“Back straight. And for the love of god, stop sweating.”
“I’m sorry, Auntie,” Sandra murmured.
Her aunt stalked around her, fingers prodding, adjusting. Raising the chin a fraction, moving the shoulders back. When Sandra allowed her chin to drop again, the second adjustment was made using fingernails, in the soft flesh just behind the jawline. She barely flinched, but she could sense her familiar bristling.
Sandra had a view of her auntie as the woman took a step back to look Sandra over. They were all dressed elaborately in forest green, their outfit appropriate for a dinner party more than a formal dance or cocktail party. Her auntie’s age had been obfuscated by a touch of glamour, so she might appear to be a woman in her late twenties. Carefully masked. Long term use and overuse with glamour led to complications. As in all things.
Sandra herself didn’t have the benefit of any glamour. She remained stock still as her aunt stepped close and adjusted her neckline. Redistributing flesh at the top of the corset as if she were fluffing a pillow, until she was satisfied with the presentation.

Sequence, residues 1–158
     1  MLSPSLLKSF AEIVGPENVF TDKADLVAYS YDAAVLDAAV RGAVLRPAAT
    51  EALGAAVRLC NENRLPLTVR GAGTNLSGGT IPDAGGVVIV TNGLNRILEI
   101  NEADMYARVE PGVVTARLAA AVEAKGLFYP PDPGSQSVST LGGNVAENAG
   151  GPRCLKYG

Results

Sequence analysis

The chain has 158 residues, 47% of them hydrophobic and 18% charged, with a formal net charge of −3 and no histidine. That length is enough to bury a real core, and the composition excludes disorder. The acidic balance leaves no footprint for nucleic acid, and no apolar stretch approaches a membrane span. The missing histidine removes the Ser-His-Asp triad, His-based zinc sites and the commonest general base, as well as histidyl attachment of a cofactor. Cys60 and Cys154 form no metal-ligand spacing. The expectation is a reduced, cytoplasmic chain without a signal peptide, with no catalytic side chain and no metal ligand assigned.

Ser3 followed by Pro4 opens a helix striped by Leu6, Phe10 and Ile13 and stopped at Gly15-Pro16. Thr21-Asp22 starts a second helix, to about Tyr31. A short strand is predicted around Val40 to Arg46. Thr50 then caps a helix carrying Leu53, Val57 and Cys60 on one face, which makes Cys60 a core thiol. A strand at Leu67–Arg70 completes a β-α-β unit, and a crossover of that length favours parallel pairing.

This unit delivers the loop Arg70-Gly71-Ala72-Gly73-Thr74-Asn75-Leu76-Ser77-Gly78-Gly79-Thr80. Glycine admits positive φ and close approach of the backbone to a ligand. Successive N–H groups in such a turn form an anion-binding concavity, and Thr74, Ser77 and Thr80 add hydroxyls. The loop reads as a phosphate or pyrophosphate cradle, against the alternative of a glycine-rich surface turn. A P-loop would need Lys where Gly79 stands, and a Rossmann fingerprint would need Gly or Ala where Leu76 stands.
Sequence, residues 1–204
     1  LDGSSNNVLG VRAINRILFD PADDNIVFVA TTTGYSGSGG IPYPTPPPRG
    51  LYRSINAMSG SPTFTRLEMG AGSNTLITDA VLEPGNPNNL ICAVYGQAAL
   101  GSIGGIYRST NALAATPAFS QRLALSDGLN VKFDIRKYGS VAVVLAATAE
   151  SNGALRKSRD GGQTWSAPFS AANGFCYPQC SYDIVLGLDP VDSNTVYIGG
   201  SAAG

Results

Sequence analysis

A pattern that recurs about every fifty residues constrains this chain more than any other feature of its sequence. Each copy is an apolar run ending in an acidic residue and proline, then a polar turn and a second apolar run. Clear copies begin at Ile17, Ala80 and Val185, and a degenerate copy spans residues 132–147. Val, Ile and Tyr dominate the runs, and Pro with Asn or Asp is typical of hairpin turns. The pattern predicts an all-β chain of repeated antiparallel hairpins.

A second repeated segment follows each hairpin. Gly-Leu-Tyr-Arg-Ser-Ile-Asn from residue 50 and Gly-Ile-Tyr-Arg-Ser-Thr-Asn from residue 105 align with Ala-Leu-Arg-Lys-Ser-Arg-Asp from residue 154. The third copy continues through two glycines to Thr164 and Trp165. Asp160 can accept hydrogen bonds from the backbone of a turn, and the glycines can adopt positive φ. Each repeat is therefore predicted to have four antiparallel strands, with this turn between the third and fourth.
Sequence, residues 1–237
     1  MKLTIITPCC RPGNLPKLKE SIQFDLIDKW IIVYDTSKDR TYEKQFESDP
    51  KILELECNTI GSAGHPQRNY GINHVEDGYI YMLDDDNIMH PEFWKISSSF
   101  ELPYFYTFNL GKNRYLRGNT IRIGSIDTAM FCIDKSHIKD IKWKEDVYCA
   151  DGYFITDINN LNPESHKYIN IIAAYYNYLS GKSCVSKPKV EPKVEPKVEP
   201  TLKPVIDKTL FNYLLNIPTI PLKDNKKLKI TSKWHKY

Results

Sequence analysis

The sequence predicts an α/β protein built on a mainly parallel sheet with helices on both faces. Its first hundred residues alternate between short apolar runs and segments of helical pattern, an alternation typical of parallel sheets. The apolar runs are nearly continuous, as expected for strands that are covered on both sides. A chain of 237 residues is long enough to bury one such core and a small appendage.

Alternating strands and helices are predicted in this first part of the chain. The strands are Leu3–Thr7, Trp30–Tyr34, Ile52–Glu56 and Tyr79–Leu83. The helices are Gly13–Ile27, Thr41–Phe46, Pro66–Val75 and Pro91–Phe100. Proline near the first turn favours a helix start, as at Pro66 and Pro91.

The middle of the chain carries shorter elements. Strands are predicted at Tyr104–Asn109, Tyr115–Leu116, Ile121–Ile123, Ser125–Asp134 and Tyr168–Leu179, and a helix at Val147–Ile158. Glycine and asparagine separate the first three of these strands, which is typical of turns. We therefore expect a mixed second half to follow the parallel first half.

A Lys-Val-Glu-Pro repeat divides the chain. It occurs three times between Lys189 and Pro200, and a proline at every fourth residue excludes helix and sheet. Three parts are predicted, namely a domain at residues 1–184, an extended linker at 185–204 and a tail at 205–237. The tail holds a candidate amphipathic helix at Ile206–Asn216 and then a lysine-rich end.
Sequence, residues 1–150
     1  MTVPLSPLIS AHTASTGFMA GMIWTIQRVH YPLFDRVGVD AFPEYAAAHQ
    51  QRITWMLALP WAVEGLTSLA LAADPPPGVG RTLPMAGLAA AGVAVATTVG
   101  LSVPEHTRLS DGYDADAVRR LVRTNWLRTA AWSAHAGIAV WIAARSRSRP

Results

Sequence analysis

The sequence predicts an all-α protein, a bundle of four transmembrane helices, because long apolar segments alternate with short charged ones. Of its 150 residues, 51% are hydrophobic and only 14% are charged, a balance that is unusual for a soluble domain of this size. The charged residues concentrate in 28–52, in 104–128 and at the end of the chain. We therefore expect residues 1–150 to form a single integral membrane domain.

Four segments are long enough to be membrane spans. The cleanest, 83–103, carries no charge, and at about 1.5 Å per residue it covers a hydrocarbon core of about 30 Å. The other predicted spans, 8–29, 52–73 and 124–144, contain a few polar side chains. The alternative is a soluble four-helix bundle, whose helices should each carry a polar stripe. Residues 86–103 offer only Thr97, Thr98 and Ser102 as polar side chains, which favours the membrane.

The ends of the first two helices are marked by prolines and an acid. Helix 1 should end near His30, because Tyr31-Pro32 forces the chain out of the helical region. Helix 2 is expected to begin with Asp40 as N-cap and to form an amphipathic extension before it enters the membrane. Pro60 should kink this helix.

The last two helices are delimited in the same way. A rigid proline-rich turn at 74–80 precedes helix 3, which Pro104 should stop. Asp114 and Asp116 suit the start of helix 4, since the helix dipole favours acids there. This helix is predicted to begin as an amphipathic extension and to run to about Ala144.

It’s the eighties, and I’m wearing a corset. There’s something wrong with this picture.
Nevermind the fact that her aunt was adjusting her assets as if it was the most normal thing in the world.
Her aunt met her eyes.
“Don’t look so angry, Sandra,” the woman said. She adjusted a strand of Sandra’s hair, tucking it behind Sandra’s ear.
“You look angry. Missy, tell me, what expression does your cousin have on her face? Tell the truth.”
It’s not like we have a choice.
Missy stepped away from the door to take a look. Missy wasn’t nearly as made up as her mother or Sandra were, but that was intentional. A very non-magical effect and tactic at play.
Missy took her time studying Sandra. When Sandra shifted her weight in impatience, the movement prompted another half-dozen small corrections from her auntie.
“You look pissed, baby sister,” Missy said.
“Language. We are guests,” the rebuke was sharp.